And just as quickly as the sukkah goes up, 10 days later, the sukkah comes down—a reminder of the impermanence that comes with 40 years of wandering, 40 years of hastily constructed and deconstructed refugee camps in the search to find a homeland of their own—to put down roots instead of just huts.
This year it only took us a little over an hour to put up the sukkah—we had the routine down, and these really are idiot-proof sukkah kits. Now that our son was 4, he could participate much more than he could last year, climbing up on the ladder with dad to hand him bungee ties or helping to sweep off the sukkah’s patio floor.
I actually had the forethought to go out and buy a few decorations, besides the single decoration we had last year: Our son’s Star of David made with craft sticks at his Jewish preschool, complete with ribbon and bright plastic beads. I hit up the Target Dollar Spot and grabbed a few fall-themed tchotchkes, garlands, banners, and a sign that said simply, “gather” in pretty rose gold paint. It was hardly the luxury sukkah with cashmere accents and a $10,000 price tag—but it was ours, and it was perfect.
On Monday, as the world awoke to the incomprehensible tragedy in Las Vegas, Nevada, I took a hike with my son and my parents to America’s Stonehenge in Salem, New Hampshire. While definitely a tourist trap, it was wondrous to get out into nature after writing on the breaking news cycle for the first half of that awful, awful day. My son and I picked up leaves from the forest floor, intent on making some other kind of decoration for the sukkah.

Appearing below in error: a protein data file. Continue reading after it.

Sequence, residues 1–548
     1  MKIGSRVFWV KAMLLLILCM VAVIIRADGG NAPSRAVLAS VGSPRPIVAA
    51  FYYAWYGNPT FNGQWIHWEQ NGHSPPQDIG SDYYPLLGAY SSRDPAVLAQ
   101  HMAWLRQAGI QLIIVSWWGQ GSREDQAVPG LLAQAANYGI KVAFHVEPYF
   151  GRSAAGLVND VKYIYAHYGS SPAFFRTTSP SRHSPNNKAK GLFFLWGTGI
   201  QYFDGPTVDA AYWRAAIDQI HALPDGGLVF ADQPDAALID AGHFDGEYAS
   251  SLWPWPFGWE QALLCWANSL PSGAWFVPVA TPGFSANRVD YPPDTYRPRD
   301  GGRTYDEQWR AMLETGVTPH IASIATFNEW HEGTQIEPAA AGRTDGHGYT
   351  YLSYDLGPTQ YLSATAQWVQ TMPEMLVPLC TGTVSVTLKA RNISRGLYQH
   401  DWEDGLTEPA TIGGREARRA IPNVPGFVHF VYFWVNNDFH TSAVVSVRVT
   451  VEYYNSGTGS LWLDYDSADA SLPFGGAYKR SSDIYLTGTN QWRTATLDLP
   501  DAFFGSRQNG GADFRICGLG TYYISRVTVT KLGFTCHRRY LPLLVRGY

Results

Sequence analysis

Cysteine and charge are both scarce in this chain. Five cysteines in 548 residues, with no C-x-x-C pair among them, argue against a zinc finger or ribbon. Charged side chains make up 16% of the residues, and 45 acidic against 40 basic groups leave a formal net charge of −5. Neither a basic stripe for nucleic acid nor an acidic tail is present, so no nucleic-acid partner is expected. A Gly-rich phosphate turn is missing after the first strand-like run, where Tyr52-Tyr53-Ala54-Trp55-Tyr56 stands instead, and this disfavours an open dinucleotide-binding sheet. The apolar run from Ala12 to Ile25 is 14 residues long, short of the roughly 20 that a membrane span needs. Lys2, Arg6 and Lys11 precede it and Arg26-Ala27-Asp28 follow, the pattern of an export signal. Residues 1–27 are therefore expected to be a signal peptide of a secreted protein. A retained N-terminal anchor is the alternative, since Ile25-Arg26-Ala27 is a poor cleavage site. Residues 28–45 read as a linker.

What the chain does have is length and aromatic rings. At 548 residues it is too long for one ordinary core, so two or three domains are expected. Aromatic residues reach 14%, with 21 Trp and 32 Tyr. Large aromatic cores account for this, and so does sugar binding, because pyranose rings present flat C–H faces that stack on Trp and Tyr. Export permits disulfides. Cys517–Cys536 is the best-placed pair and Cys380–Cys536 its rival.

On the first night of Sukkot, my husband was out of town, but that didn’t stop my son and I from having takeout Indian food in our sukkah, eating by the light of our camping lanterns. It didn’t stop me the next day when I worked outside in the sukkah while my son played in his sandbox. There’s something pretty rad about having peanut and jelly sandwiches in the sukkah, too—the wind rustling the cornstalk sechach (the sukkah roof), the sun slowly meandering across our driveway, the chatter of finches and the squawking of blue jays.
I’ve spent more time outdoors in the last three days than I have in a long time, and it feels good. Within the green tarp walls of our sukkah, I escape the hubbub of Halloween tourism bustling just blocks away. I don’t have to think about the dishes in the sink, the fact that there’s no soccer on Sunday because it’s a holiday weekend, or whether or not I remembered to share my news articles on social media. Twitter takes a break. Facebook is paused. I indulge in Instagram if only to document this feeling of spiritual gratitude I’ve felt since the day our sukkah went up.
After a summer with a challenging and pervasive depressive episode, everything about this Sukkot has felt peaceful, grounded, and restorative. I remain hopeful that these feelings are not as temporal at our sukkah, that my days of wandering through depression and anxiety are coming to an end—at least for now— and that the restoration of my spiritual and mental wellbeing finally takes root.